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Chaucer: Still popular after 600 years
Whilom ther was a scoler dwllynge at London,
Which, loosely translated, means there was once a poet called Geoffrey Chaucer whose Canterbury Tales are still widely considered one of the greatest works in the history of the English language.
Chaucer died 600 years ago this week, on October 25, 1400. Despite the age of his work, however, and the fact that it was written in Middle English -- an idiom peppered with unfamiliar words and phrases -- it remains as popular now as it has ever been.
"Chaucer is incredibly present," says James Simpson, Professor of Medieval and Renaissance English at Cambridge University. "He has an extraordinary capacity to remain modern and contemporary. The language is different, but it only takes a bit of work to be able to read it."
Chaucer remains a staple of the English syllabus in schools and universities across Britain.
Nor is his popularity confined to his native country. Universities throughout Europe and the U.S. offer courses in Chaucer, while two of the world's most respected Chaucerian scholars, Dieter Mehl and Piero Boitani, are, respectively, German and Italian.
"His appeal is international," says Mehl, a professor at the University of Bonn, Germany. "Particularly his humour, which is very modern. I still laugh each time I read him."
Boitani agrees. "Provided you get a good translation you can enjoy him whatever your nationality. Nor do you have to be an academic. The things he's writing about are the things of everyday life, and those are the same for everyone."
The first true English poet
Chaucer was born in London sometime around 1342 or 1343, the son of a wealthy wine merchant.
As a young man he served as a pageboy in the household of the Duke of Clarence, and fought in the Hundred Years War against the French, where he was captured and subsequently ransomed.
He travelled around Europe as a diplomat for Edward III (1327-77), and continued in royal service under both Richard II (1377-99) and Henry IV (1399-1413), occupying such exalted posts as Comptroller of Customs on Firs, Skins and Hides for the Port of London, and Clerk of the King's Works.
At the same time he was producing a whole variety of poetical works -- the Book of the Duchess, the Legend of Good Women, the Parliament of Fowls, Troilus and Cressida -- which were not only brought him fame and royal patronage, but also pushed back the boundaries of the English language.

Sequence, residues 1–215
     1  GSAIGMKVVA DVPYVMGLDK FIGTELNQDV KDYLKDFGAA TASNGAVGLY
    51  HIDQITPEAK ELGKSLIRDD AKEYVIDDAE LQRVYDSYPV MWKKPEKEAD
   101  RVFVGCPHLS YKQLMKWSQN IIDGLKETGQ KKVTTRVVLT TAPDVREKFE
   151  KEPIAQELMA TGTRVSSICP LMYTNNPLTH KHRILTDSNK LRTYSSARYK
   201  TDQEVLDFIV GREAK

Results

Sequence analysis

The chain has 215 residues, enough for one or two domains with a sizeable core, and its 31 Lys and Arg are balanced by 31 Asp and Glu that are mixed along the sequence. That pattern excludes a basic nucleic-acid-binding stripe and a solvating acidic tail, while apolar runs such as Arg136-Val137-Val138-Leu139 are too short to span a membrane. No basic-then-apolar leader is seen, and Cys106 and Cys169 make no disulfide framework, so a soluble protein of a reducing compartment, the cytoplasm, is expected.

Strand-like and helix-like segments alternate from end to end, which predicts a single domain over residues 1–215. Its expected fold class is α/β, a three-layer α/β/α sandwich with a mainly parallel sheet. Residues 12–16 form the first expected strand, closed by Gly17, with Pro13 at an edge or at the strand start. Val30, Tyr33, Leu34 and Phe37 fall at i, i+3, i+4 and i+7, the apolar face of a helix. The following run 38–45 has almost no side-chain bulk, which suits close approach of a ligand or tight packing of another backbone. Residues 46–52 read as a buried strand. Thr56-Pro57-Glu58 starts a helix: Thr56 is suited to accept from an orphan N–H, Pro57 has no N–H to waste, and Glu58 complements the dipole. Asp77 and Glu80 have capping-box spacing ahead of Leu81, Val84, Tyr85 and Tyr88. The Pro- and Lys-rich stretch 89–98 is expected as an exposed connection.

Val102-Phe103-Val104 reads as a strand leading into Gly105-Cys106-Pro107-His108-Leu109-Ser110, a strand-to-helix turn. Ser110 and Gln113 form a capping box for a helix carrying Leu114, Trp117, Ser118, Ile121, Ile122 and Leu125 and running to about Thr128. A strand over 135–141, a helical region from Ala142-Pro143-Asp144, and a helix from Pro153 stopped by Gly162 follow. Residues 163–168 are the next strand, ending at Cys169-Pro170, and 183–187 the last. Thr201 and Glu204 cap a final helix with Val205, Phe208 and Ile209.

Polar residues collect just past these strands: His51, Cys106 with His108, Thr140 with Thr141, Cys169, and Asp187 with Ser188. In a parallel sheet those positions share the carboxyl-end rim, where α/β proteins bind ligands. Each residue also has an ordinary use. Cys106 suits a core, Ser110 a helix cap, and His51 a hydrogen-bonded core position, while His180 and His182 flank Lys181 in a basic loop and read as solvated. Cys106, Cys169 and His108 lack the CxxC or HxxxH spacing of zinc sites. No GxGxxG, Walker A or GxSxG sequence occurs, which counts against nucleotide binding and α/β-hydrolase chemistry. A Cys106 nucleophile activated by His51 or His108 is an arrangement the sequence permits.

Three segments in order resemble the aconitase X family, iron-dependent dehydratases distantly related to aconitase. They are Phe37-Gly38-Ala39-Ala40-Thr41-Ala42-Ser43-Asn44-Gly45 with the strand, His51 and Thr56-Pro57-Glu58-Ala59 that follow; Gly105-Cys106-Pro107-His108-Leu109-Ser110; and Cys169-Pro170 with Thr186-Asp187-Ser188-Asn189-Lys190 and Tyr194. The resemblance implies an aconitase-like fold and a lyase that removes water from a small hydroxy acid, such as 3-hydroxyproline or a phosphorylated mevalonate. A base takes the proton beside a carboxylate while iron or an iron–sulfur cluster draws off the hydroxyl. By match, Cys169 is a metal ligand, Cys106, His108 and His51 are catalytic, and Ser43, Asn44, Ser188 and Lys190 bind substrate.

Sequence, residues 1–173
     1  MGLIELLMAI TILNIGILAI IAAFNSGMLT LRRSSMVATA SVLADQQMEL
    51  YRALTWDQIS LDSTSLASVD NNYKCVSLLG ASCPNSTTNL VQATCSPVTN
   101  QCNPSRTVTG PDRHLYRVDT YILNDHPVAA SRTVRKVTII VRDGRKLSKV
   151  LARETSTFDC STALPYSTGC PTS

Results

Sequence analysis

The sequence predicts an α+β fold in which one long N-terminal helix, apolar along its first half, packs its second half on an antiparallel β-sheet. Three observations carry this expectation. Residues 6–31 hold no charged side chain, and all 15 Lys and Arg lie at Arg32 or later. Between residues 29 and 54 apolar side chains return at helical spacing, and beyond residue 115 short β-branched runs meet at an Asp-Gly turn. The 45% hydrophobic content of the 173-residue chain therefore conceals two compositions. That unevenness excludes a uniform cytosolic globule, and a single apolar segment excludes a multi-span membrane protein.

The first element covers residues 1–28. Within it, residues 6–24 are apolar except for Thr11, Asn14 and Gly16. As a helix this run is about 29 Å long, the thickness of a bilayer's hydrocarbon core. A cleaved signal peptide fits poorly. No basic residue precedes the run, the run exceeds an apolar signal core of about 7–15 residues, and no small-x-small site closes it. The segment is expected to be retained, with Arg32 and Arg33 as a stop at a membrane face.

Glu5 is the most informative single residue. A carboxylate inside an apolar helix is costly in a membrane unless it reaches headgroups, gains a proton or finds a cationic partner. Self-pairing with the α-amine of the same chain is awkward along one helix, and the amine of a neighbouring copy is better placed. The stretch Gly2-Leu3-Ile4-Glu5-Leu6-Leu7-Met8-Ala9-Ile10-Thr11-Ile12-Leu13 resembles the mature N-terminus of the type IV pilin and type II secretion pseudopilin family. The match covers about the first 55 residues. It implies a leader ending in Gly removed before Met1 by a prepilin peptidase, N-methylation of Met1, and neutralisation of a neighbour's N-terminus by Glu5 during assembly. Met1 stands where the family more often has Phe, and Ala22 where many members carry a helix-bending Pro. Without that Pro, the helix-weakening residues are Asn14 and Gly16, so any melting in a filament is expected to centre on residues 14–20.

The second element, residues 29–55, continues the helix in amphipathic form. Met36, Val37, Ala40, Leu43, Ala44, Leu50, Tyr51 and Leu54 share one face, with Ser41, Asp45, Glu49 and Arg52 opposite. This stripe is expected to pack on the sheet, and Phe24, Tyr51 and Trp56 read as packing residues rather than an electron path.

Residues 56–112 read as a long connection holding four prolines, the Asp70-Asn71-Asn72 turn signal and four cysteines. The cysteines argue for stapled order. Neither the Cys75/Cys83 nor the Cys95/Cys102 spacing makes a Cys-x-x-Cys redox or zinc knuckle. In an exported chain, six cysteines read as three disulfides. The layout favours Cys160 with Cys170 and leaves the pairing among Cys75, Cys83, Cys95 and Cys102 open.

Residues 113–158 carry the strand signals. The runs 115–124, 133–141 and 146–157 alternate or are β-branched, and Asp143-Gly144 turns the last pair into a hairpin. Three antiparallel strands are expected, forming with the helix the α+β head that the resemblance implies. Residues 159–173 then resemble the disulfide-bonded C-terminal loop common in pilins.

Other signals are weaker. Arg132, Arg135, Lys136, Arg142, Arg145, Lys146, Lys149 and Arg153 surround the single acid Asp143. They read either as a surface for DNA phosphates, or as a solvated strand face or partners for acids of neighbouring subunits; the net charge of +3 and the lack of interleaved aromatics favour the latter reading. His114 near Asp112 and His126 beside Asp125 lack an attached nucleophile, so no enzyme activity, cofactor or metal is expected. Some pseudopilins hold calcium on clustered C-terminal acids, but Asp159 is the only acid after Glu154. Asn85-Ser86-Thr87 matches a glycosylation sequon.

"In a sense you could say it all started with Chaucer," says Nigel Frith of the Centre for Renaissance and Medieval Studies in Oxford. "The language he was using was the language that later became modern English. It's with Chaucer that English literature as we now know it really begins."
His masterwork, written from 1387 onwards, was The Canterbury Tales, the story of a group of 29 pilgrims who, while travelling from London to Canterbury Cathedral, each tell a separate tale to wile away the journey.
Full of colourful characters -- the bawdy miller, the noble knight, the proto-feminist Wife of Bath -- it was an instant hit, and has remained so ever since.
A whole series of Chaucer-related events are planned to mark the anniversary of his death, including conferences, exhibitions, Chaucer-readings and reprintings of many of his works.
"We were going to have a special Chaucer display," said Sir Robert Sherston-Baker, proprietor of the Chaucer Bookshop in Canterbury. "Unfortunately his works are so popular they sell as soon as they come in, so we haven't got any in stock at the moment."
One of the more high-tech Chaucer memorials comes in the form of a CD-ROM of one of the earliest surviving manuscripts of The Canterbury Tales, the so-called Hengwrt manuscript housed in the National Library of Wales.
Produced by the Canterbury Tales Project, based in Leicester, England, this provides computer images of the manuscript, allowing readers to experience Chaucer's work as it would have appeared in his own day.
Intriguingly, while compiling the CD-ROM, researchers discovered that for 600 years we have actually been using the wrong title for the poem. Chaucer himself titled it The Book of the Tales of Canterbury, rather than just the Canterbury Tales.
It would also appear that he had intended the story to be much longer. Although the existing version is 17,000 lines long, it seems Chaucer's original plan was to have each character telling four tales rather than one, thereby effectively quadrupuling the poem's length. Unfortunately, however, he died before he was able to finish the work.
He was buried in London's Westminster Cathedral, where visitors still flock to see his tomb.
(*Once upon a time there was a writer who lived in London,
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The Canterbury Tales Project
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